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President Obama's approval rating hits record low this week

According to a Fox News poll released on Wednesday, a majority of Americans are giving President Barack Obama failing grades on several important issues, among them the economy, creating jobs, healthcare and the country's image abroad.

President Barack Obama talks with Ben Rhodes, Deputy National Security Advisor for Strategic Communications, left, and Deputy National Security Advisor Tony Blinken prior to a phone call with President Hassan Rouhani of Iran, in the Oval Office, Sept. 27,

For the very first time in a Fox News poll, less than four out of ten Americans, 38 percent, approve of the way the president is handling his job. This latest rating is down from 43 percent on January 28, 2014, just before Obama's State of the Union address.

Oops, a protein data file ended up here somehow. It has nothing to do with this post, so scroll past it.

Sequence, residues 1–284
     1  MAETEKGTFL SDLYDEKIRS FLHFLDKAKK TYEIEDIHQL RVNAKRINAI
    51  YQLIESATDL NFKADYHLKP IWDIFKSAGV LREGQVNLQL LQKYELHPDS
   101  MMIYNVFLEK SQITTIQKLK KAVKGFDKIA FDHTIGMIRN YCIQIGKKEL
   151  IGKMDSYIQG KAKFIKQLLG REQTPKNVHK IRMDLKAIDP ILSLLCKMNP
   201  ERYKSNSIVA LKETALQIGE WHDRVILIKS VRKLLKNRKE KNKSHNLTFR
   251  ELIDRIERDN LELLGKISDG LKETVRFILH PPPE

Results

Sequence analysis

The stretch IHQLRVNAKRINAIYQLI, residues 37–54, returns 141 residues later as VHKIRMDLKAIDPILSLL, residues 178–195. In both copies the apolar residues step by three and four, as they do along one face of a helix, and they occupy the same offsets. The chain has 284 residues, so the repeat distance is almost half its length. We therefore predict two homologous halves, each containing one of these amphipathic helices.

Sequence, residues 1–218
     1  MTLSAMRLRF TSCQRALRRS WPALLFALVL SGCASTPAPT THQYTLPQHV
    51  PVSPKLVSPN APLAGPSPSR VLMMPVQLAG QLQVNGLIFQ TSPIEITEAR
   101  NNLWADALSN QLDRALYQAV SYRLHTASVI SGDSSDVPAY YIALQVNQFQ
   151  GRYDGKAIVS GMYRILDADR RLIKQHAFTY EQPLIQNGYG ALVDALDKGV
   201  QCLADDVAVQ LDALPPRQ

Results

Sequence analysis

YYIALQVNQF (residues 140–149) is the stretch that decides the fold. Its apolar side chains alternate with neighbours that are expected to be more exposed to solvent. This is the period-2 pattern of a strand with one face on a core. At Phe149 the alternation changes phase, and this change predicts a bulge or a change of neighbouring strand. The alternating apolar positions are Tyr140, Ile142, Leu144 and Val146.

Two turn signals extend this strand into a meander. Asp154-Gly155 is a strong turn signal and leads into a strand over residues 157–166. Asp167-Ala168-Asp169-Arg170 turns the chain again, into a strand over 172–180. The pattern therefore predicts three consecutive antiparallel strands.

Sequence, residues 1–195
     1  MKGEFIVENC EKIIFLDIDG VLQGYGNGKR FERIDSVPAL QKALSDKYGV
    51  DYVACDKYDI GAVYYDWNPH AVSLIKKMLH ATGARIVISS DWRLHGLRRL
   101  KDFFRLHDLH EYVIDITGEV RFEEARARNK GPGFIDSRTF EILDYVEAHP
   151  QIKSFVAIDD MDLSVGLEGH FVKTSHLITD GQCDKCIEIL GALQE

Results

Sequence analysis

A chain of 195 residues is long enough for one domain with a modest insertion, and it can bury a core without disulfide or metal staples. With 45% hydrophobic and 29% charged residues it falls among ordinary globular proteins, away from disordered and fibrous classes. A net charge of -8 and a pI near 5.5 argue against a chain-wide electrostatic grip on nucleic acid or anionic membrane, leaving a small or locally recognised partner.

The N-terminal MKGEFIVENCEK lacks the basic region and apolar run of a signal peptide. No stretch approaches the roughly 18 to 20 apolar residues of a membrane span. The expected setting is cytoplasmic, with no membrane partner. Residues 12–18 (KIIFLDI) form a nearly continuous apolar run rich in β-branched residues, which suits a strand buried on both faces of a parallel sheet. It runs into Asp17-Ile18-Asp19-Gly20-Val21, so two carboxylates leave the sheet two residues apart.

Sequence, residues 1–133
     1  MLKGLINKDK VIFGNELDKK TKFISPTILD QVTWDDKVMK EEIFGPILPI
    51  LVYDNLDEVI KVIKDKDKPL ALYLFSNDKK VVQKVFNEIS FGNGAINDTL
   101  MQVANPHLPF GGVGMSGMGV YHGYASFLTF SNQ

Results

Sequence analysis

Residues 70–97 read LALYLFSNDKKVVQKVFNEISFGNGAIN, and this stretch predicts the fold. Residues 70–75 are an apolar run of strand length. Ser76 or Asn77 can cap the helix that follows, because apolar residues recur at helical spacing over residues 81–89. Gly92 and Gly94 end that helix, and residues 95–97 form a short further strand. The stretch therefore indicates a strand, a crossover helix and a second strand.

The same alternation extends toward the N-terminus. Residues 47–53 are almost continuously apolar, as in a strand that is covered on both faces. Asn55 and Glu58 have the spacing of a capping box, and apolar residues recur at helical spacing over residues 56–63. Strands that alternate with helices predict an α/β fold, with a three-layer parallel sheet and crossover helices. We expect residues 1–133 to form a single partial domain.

The publics perception of the president's handling of foreign affairs took a hit, according to the poll results. Obama had a big selling point when he campaigned to improve the country's image, but the Ukraine-Russia conflict is on everyone's mind now. A record 59 percent of those polled disapprove of the president's handling of foreign affairs.

Job creation is a stickler in everyone's throat, with a 59 percent majority saying Obama has failed at creating jobs. It is also felt by 56 percent that the White House has failed at growing the economy. Jobs and the economy tie-in with transparency in government, and 59 percent of voters polled say there is no transparency in Obama's administration.

Healthcare, and in particular, Obamacare is and has been an issue with the American public. Fully 59 percent of respondents disapprove of the way the administration has handled healthcare. Oversight in the $1.8 trillion spent on Obamacare is in question, with calls for an investigation into where the money has gone, according to Fox News today.

This latest poll was conducted by Anderson Robbins Research (D) and Shaw & Company Research (R) using live telephone interviewers on March 2-4, 2014. A random sampling of 1,002 voters was used, with a margin of error of plus or minus three percentage points.

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